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  • Essays
  • Teaching Games: Teach-As-You-Go

Teaching Games: Teach-As-You-Go

O Updated
Teaching games - teach-as-you-go
There Will Be Games

I have mentioned it on this blog before, but my favourite way of being taught a new game is by diving right in. Teach me only the absolute minimum, just so I roughly know what sort of game we're playing and get an outline of what I'm trying to achieve and then let me start taking my turn. It's the sort of style of teaching that Paul Grogan of Gaming Rules advocates and it's probably the best option for demoing a game at a convention as well.

First of all, let me say that this style of learning a game isn't for everyone, of course. At the end of the day, there is no single way of teaching a game that will appeal to everyone in the world. Some people need to know all the rules right from the start or at least know enough so they can formulate a strategy and have a decent chance of winning the game or they just want to feel they have some agency right from the get-go and that they make their own, intentional choices.

When you learn a game as you play it, you won't know all the rules. You won't even know enough of the rules to feel like you know what you're doing, let alone get any sense of being able to formulate your winning strategy. It can feel quite scary for a player to learn a game this way. At the same time though, you're delving right in and it won't take long until you're in the middle of the game and if you had a good teacher, you're starting to get what you're doing and soon you'll take turns on your own.

So, yes, you have to be brave to want to learn a game as you play it, but I reckon you have to be even braver if you want to teach a game that way. It's not easy to introduce people to a new game and give them only a rough outline and maybe one or two basic rules, before delving right in. You have to know the game quite well to be able to teach it this way. If you've never played the game before, then you probably won't be able to teach others to play it this way, unless, of course, someone else taught you the game by getting you to play it.

Anyway, if you want to teach a game to others by asking them to learn by playing, you need to be able to really distil what the game is about and know what sort of actions players are likely to want to take at the beginning of the game and what actions are really no use to start with, but become more important later in the game. Generally speaking, you want to pick out those rules that are vital at the beginning and leave other rules to later.

The problem with this is, of course, that sometimes there are rules that you will teach players later in the game, but that will actually affect whether someone will win or not. For example, there may be certain types of actions players can take that will give them victory points, but if those actions are basically not an option at the beginning of the game, then you might as well talk about them closer to when they become a possibility.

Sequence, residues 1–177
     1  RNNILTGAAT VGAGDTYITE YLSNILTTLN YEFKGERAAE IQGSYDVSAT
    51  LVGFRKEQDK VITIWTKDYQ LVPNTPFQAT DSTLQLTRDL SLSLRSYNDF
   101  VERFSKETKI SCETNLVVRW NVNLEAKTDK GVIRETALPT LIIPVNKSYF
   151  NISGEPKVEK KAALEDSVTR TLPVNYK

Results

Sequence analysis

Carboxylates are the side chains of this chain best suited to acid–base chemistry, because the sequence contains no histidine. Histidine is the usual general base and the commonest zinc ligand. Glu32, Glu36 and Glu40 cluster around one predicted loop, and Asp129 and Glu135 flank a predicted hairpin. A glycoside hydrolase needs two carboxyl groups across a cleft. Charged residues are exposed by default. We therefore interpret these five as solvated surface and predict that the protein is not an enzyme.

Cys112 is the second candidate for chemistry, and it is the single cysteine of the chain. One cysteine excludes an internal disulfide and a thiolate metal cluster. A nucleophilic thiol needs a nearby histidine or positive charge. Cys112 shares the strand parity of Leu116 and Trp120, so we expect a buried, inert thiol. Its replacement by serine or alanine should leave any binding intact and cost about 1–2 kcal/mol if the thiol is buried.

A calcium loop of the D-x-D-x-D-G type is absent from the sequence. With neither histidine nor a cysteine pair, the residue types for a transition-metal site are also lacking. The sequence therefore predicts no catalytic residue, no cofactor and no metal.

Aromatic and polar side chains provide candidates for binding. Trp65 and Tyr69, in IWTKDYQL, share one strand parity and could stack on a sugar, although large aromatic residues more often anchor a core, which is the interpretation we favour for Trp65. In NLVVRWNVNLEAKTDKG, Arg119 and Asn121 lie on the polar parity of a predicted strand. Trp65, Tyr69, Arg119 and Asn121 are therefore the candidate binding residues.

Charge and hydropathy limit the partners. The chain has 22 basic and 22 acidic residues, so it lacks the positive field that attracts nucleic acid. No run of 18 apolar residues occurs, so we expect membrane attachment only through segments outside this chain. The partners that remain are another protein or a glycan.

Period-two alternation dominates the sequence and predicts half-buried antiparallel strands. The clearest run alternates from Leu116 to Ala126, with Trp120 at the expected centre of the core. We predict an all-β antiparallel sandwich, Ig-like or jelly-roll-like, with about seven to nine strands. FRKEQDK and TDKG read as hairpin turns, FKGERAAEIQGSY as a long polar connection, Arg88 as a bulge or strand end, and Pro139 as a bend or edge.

That will lead to moments when players will tell you that they would have done things differently earlier in the game, if they had just known that these victory points were available to them, but players have to remember that the idea of this type of rules teach is about not overloading people with rules to start with, but slowly introduce them to things as they become relevant.

Also, we all know that the first time we play a game, it's a learning game, but it's easy to forget that. Yet, when you teach a game a bit at a time, then it's especially important to remind everyone that this is their first game, that it is a learning a game and that it is highly likely that they would have done things differently, if they had known all the rules from the start. It's almost inevitable with this style of teaching.

As players start to take their turns, you, as the teacher, need to tell them the different options they have, with a rough link to how the different actions will affect the game and may be useful to win the game. You may even suggest a certain option over another, just to guide a player a little, but you have to be careful, because you don't want to take a person's agency away from them. Yet, as it can already be quite scary to learn a game as you play, it might actually be quite helpful to players to get some tips as to what they should do, at least at the beginning of the game.

As the game progresses, you will be introducing new rules, types of cards, actions or terminology. You need to try and tie them back to rules players already know. For example, if players have already learned about the currency in the game and there is something happening soon that might force them to forfeit their money if they have too much, it might be worth pointing it out in time and explaining how players can effectively spend their money on something useful. You want to avoid players being completely surprised by a new rule or event, especially if the new rule or event has a negative effect on the outcome of a game for a player.